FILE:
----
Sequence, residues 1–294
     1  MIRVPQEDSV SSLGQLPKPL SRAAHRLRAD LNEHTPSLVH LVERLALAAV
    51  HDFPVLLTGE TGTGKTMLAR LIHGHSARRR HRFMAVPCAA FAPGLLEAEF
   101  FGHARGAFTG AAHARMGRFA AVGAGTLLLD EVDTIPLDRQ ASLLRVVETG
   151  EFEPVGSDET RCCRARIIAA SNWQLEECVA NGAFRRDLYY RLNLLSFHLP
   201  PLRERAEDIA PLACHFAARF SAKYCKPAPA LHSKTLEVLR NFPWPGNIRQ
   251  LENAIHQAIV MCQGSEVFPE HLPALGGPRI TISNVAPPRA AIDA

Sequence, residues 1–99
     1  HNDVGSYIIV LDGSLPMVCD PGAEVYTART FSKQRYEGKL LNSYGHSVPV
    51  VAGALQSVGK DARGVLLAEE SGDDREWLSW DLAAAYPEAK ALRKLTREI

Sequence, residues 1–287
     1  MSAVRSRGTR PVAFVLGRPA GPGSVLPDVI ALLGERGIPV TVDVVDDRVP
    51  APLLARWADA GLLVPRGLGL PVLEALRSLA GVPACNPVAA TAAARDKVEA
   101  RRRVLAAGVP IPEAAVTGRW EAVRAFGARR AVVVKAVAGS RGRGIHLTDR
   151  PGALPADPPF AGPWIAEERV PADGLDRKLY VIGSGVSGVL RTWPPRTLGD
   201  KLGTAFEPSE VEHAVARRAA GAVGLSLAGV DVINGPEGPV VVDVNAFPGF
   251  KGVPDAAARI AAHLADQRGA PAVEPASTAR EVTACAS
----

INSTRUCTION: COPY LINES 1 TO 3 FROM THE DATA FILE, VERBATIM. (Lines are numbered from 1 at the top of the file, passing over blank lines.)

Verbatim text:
Sequence, residues 1–294
     1  MIRVPQEDSV SSLGQLPKPL SRAAHRLRAD LNEHTPSLVH LVERLALAAV
    51  HDFPVLLTGE TGTGKTMLAR LIHGHSARRR HRFMAVPCAA FAPGLLEAEF